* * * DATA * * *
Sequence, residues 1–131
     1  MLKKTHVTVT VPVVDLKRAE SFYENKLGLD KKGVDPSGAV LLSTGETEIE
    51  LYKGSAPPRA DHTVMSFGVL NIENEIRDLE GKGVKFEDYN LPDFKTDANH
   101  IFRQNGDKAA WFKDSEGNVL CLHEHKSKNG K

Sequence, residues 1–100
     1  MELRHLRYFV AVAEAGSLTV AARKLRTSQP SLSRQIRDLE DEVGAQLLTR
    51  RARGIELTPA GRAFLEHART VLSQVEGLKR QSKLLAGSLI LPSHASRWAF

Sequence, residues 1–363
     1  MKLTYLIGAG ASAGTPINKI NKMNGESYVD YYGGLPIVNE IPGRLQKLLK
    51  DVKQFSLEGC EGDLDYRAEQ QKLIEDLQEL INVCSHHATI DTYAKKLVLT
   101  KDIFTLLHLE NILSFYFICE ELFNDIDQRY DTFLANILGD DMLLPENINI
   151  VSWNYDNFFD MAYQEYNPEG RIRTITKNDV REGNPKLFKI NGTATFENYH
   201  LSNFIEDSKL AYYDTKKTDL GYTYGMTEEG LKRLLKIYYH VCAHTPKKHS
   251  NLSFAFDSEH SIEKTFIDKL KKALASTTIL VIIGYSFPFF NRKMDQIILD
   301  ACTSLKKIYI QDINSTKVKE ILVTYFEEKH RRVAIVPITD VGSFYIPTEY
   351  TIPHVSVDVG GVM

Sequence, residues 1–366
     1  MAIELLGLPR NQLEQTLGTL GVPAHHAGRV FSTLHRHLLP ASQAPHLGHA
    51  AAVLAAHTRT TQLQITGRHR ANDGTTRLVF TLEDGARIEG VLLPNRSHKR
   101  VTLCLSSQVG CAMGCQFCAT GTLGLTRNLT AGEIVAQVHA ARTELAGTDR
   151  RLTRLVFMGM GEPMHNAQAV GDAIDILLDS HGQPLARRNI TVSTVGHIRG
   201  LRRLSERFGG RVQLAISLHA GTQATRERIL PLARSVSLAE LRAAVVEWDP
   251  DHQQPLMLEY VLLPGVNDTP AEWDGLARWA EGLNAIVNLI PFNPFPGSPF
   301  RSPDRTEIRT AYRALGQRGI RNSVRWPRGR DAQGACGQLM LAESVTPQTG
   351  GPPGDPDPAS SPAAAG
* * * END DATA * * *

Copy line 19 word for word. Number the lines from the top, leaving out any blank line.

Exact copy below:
    51  AAVLAAHTRT TQLQITGRHR ANDGTTRLVF TLEDGARIEG VLLPNRSHKR